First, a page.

From Gear Geometry and Applied Theory, Second Edtion
Involute gears, spur and helical ones, are widely used in reducers, planetary gear trains, transmissions, and many other industrial applications. The level of sophistication in the design and manufacture of such gears (by hobbing, shaping, and grinding) is impressive. The geometry, design, and manufacture of helical gears was the subject of research presented in the works of Litvin et al. [1995, 1999, 2001a, 2003], Stosic , and Feng et al. .
The advantage of involute gearing in comparison with cycloidal gearing is that the change of center distance does not cause transmission errors. However, the practice of design and the test of bearing contact and transmission errors show the need for modification of involute gearing, particularly of helical gears. Figure 15.1.1 shows a 3D model of a modified involute helical gear drive.
Figure 15.1.1: Modified involute helical gear drive.
The existing design and manufacture of involute helical gears provide instantaneous contact of tooth surfaces along a line. The instantaneous line of contact of conjugated tooth surfaces is a straight line L 0 that is the tangent to the helix on the base cylinder (Fig. 15.1.2). The normals to the tooth surface at any point of line L 0 are collinear and they intersect in the process of meshing with the instantaneous axis of relative motion that is the tangent to the pitch cylinders. The concept of pitch cylinders is discussed in Section 15.2.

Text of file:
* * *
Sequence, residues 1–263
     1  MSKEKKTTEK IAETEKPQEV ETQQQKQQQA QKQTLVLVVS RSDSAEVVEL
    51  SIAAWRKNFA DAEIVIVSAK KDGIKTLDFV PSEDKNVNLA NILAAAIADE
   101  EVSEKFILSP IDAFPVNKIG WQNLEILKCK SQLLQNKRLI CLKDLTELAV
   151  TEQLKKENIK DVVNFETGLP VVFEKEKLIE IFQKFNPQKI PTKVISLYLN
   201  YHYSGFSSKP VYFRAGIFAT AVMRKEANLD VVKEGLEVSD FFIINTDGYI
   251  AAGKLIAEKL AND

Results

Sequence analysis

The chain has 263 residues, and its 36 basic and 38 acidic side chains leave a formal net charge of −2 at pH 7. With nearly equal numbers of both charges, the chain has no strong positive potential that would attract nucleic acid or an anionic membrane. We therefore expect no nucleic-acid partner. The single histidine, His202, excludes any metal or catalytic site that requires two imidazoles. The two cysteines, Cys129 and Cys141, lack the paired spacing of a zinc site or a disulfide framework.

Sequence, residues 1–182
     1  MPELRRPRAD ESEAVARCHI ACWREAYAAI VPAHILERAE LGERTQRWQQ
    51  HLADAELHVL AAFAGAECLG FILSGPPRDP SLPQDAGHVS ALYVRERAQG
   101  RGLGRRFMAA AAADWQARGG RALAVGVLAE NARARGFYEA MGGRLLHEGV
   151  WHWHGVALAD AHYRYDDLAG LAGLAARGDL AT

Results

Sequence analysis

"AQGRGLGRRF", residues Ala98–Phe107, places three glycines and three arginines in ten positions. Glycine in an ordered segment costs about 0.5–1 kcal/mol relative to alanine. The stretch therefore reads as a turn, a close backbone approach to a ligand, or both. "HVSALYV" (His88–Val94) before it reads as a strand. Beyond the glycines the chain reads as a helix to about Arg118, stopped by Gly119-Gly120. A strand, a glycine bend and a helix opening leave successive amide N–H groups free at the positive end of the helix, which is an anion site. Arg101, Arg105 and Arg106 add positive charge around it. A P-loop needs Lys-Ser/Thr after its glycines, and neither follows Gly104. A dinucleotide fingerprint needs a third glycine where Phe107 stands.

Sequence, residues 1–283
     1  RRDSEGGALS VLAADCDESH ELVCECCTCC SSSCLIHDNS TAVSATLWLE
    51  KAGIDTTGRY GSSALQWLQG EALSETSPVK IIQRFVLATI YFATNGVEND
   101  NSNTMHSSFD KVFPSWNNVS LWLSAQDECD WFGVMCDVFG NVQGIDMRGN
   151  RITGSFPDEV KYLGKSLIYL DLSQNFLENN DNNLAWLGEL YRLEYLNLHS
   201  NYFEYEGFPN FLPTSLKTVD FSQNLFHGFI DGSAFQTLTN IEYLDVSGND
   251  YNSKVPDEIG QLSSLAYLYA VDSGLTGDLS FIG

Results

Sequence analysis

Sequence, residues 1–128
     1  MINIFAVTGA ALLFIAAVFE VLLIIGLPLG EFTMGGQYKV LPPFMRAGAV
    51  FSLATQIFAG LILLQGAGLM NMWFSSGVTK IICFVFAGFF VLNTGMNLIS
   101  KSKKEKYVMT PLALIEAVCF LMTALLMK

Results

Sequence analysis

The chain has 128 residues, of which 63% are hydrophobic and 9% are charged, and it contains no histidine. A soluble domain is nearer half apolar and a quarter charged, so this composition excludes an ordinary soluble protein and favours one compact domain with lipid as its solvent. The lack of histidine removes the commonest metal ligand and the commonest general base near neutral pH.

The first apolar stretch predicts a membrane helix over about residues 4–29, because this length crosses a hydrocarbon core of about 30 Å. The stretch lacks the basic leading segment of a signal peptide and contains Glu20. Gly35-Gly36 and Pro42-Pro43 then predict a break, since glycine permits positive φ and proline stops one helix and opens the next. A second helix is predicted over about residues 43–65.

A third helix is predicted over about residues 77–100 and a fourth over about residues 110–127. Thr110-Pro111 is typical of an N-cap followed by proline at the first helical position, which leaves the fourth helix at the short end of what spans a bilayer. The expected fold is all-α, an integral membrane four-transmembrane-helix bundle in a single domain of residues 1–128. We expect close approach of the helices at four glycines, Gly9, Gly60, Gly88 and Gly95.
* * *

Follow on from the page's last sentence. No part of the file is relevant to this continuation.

Figure 15.1.2: Contact lines on an involute helical tooth surface.
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A hypoid gear is a style of spiral bevel gear whose main variance is that the mating gears' axes do not intersect. The hypoid gear is offset from the gear center, allowing unique configurations and a large diameter shaft. The teeth on a hypoid gear are helical, and the pitch surface is best described as a hyperboloid. A hypoid gear can be considered a cross between a bevel gear and a worm drive.
Herringbone gears, also called double helical gears, are gear sets designed to transmit power through parallel or, less commonly, perpendicular axes. The unique tooth structure of a herringbone gear consists of two adjoining, opposite helixes that appear in the shape of the letter 'V'.
Bevel gears are gears designed to transmit motion between intersecting axes. Perpendicular arrangements are most common, but bevel gears can be manufactured for nearly any angle. The teeth bearing surface of the gear, or surface pitch, is conically shaped or tapered. Miter gears are bevel gears manufactured in a 1:1 ratio, with the same number of teeth on mating gears and with perpendicular axes.
Spur gears are the simplest type of gear. Transmitting power between parallel axes, the teeth project radially on the disc.
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